Through this series of blogs, I explore the process I went through before leaving the legal profession as an attorney and jumping on a plane to Europe for an adventure that led me deep into my own subconscious.
Collectively, we are all questioning our roles in a society that is forced to change. With the arrival of covid, the old way no longer makes sense. The slowing down of society has made our footprint on the earth more visible. No longer can our impact on the environment be denied. Yet, the new way has yet to reveal itself. What are we to do? How are we to find pleasure in the darkness of an unknown future?
While the times we face may rattle us and bring up fear, they serve a great purpose. Often, events occur in our lives specifically to force us to ask questions. Questions create openness and curiosity within the mind. The more we question, the more we open ourselves to the possibility of change. Of gaining insight or understanding. Of allowing the truth to reveal itself.
While practicing law as a criminal prosecutor, I woke up one morning ready to head to work. The day before, I had begun selecting a jury for a habitual Driving While Impaired trial. My alarm went off at 5 a.m. I put on gym clothes and turned on the coffee maker. Noises from outside drew my attention. When I looked out the window, my breath nearly caught in my throat.
The small creek behind the townhome I had purchased seven months prior had overflowed. There was no grass, and no barrier separating the water from my home. It had risen several feet high. The torrential downpour continued.
Unsure of what to do, I laid a few towels by the front door and continued making my breakfast. My nerves, however, were already shattered. As I sat down at the round wooden table to eat eggs and toast, the water began to creep in under the sliding glass door.
My seat pushed back abruptly. Then the phone rang.
“Honey, are you awake?” asked my neighbor, Jimmie. “You need to get out, quickly!”
I opened the door, as water accompanied by mud and debris gushed over my legs. My instinct was to slam the door shut.
“The water is going to come in no matter what,” Jimmie said as he urged me to step outside.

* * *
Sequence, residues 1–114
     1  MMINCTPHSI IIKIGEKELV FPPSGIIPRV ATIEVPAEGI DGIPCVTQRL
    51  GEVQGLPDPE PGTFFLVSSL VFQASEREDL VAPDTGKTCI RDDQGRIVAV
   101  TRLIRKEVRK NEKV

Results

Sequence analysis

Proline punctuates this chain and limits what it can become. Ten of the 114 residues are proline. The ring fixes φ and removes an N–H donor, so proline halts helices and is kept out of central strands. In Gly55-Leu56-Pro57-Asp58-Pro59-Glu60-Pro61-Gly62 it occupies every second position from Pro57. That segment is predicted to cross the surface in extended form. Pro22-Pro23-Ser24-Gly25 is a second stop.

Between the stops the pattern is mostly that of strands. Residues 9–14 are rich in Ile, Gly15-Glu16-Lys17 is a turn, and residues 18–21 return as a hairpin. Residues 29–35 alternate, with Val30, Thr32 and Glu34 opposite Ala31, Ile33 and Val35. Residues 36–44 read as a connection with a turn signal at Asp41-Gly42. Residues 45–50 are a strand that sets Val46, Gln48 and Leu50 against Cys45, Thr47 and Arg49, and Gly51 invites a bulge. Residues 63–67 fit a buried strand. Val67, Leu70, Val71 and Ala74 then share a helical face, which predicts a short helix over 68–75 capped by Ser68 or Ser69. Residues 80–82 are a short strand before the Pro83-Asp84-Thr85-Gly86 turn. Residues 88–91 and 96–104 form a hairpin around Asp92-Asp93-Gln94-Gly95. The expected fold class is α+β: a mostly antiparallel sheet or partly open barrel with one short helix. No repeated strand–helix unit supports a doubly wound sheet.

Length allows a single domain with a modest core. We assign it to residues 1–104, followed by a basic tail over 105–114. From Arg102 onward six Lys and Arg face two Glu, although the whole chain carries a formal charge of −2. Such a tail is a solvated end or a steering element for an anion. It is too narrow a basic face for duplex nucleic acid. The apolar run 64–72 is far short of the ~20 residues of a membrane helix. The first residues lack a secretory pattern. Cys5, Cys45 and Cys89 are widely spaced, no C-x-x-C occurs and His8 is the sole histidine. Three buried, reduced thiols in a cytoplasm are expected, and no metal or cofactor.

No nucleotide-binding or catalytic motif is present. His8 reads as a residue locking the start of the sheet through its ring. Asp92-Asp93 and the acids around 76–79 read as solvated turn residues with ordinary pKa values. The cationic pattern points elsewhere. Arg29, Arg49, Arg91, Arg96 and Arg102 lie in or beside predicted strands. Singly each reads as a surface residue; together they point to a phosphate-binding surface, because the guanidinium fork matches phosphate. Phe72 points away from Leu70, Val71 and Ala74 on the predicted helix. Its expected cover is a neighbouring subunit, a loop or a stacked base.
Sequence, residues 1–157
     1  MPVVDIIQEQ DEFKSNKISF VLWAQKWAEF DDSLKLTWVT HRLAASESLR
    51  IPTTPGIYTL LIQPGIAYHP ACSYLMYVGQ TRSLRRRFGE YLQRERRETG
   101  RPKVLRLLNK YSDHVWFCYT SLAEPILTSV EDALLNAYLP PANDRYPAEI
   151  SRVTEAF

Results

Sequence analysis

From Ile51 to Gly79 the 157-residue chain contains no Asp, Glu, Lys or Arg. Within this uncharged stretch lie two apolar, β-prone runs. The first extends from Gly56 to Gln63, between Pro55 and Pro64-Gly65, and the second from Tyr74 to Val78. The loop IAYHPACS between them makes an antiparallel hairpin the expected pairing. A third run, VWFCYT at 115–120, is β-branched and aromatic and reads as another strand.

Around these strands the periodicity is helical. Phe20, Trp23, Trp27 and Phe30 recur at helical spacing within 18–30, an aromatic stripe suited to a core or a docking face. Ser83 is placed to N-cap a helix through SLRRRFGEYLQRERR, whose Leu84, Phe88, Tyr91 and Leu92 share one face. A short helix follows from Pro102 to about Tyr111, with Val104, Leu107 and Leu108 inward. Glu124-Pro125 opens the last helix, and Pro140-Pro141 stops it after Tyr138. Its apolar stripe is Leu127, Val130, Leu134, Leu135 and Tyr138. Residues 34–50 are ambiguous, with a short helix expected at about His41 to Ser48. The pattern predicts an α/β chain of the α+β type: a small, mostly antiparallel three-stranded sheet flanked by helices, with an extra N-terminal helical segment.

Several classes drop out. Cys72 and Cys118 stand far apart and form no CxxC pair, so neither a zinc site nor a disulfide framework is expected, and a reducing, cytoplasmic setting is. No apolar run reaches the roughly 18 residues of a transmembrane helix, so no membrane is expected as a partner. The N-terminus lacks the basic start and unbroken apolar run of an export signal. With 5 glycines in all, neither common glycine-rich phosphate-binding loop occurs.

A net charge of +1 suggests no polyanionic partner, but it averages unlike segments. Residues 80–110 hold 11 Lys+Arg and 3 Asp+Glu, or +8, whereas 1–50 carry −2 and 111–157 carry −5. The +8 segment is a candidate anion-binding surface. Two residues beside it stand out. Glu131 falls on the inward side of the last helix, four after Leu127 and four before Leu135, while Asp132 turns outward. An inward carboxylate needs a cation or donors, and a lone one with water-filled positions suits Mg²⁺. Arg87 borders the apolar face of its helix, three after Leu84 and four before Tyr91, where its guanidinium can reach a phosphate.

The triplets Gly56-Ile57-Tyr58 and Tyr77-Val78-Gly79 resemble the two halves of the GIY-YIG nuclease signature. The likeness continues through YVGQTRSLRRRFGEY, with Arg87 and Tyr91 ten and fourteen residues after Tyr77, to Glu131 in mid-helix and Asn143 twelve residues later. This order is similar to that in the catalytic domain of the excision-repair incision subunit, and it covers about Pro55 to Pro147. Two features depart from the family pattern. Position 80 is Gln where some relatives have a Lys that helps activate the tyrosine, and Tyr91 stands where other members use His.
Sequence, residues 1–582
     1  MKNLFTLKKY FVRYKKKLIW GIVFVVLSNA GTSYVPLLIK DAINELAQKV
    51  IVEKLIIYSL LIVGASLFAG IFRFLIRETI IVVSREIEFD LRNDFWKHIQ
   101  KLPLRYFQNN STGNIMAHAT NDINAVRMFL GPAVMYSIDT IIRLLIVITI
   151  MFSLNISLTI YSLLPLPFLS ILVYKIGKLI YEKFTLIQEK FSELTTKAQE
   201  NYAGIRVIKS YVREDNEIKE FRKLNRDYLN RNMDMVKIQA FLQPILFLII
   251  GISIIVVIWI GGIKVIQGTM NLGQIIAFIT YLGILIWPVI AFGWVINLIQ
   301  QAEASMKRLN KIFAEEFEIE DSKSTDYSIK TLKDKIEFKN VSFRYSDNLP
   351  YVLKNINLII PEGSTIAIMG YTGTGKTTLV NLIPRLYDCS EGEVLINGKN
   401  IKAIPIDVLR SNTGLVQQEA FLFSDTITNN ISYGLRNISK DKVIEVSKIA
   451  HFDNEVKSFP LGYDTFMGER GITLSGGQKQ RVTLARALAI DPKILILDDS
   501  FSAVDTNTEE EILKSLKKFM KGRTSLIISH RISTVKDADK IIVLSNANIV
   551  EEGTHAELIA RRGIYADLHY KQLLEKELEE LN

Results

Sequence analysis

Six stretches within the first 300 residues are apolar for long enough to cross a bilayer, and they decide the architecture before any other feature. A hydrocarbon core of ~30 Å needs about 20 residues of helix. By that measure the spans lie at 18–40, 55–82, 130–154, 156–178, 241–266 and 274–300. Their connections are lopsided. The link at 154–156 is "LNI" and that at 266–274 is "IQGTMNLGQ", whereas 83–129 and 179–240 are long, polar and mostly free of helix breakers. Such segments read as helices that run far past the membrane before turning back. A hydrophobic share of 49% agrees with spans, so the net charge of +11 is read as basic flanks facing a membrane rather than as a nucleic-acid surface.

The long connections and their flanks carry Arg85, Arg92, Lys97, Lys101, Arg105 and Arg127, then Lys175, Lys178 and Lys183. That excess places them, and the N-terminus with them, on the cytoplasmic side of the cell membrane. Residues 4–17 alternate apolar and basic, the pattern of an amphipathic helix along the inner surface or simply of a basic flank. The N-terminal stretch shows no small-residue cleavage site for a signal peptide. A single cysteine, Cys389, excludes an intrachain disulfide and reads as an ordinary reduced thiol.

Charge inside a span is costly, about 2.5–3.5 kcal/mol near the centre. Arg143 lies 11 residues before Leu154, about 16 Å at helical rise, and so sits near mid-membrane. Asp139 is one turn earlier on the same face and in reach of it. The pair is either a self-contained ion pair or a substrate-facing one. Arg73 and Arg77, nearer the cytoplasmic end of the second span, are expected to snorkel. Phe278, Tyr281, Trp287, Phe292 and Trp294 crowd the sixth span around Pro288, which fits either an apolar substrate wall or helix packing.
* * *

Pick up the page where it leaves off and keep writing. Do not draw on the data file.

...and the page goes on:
I pulled open the door again and stepped onto the front porch. The water met my calves. The street was several feet higher than the paved parking lot below, just in front of our town homes. My car was nearly covered in water.
By the time the firefighters arrived, I had to half swim, half walk through chest-deep waters in order to reach the sidewalk. I held my phone, the only possession I thought to bring, above my head. My bare feet contacted the grass when the firefighter pulled me up by the arms and wrapped a blanket around my shoulders. He offered me his cup of coffee. Its warmth comforted me as I watched the rain continue to wreak havoc.
The street itself began to flood. For hours, I stood and watched all that I had worked so hard to obtain be destroyed before my very eyes. My car. My home. The possessions inside. The waters ultimately reached over five feet high inside.
Clearly, I couldn’t get to work. The stressful trial that had consumed my attention for months no longer mattered. I was left – literally – with the clothes on my back. The experience washed away the confidence I had in the life expected of me. Friends, family and coworkers helped me find my footing again. They picked me up. Offered me food and a place to stay. The love they gave me superseded anything I lost in the flood.
My security – up until that day – had been found in having a home. A career. A goal. All the faith and certainty I put in following the straight path to “success” disappeared. It wasn’t certain after all. That moment, standing in awe of the destruction of my home, tore away any attachments. The only thing that remained was myself. The questions began to bombard me:
Why did I work so hard?
Why was I so focused on achievement?
What did life look like without these things?
A mild depression took me through months of questioning, as I lived in a friend’s garage apartment while my home was reconstructed. I had gone directly from high school to college to law school to the prosecutor’s office. My sights were set high.
Did it matter anymore?
Did I care to continue down the same path?
What was the purpose of it all?
Wasn’t there something greater and more meaningful?
What had been missing?
How could I find it?
Questioning led me to begin the Search, which is the topic of next week’s blog. Sign up for emails to receive notifications of a new post. In the meantime, let me know the questions that have been arising within you by posting below.
© Jessica Falcon 2020.